Review: Songs of Love, War and Melancholy/Mozart: Stolen Beauties

songsoflovegallaycoverI recently received two wonderful new discs for review from Anneke Scott, a phenomenal performer on both natural and valved horns. Scott serves as principal horn of the Orchestre Révolutionnaire et Romantique and The English Baroque Soloists, and also performs frequently as a soloist and chamber musician. In addition to her busy performing schedule, she has also found the time to record several albums of music by the great 19th-century horn virtuoso Jacques-François Gallay. The third and final volume in this series is titled Songs of Love, War and Melancholy: The operatic fantasias of Jacques-François Gallay (read a review of the second album here.) As in her earlier Gallay recordings, Scott’s natural-horn playing is expressive, athletic, and robust; in short, very impressive! She negotiates even the most difficult passages on the natural horn with beguiling ease. The selections on this disc belong to a repertoire that was extremely popular during Gallay’s day, but is less known to modern horn players. Here’s a brief quote from Scott’s liner notes, which are copious and very informative.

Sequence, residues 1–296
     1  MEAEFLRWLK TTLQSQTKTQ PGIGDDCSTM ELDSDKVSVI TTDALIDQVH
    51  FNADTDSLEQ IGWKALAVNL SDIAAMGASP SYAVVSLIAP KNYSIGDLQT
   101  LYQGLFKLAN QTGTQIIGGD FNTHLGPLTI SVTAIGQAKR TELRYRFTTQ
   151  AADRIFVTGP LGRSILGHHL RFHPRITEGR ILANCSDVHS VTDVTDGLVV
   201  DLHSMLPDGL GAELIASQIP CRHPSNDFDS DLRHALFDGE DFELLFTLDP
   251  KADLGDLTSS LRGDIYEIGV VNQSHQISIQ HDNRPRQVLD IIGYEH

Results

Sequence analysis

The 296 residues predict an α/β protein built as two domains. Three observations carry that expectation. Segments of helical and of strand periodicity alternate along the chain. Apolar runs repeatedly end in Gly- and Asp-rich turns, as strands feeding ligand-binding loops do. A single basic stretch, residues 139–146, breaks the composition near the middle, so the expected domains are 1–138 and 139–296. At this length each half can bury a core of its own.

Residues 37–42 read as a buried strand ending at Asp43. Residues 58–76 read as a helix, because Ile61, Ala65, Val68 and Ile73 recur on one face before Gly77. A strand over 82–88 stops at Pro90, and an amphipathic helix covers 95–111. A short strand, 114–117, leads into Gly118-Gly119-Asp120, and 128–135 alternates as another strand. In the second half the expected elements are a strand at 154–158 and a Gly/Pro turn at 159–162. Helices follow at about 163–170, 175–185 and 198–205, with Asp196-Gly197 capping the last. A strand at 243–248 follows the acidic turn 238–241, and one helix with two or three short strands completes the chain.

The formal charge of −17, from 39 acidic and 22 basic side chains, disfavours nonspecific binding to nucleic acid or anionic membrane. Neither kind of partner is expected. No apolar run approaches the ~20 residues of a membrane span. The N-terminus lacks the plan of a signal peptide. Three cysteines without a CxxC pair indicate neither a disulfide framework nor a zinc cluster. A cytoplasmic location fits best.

During this period the opera fantasia offered virtuoso musicians the opportunity to demonstrate a number of aspects of their playing that were viewed as highly desirable by their audiences. The choice of themes, especially if Italian in origin, was à la mode and their settings offered the musician the opportunity demonstrate his amazing skills both in performing a melody in a vocal style as well as showing off with spectacular embellishments.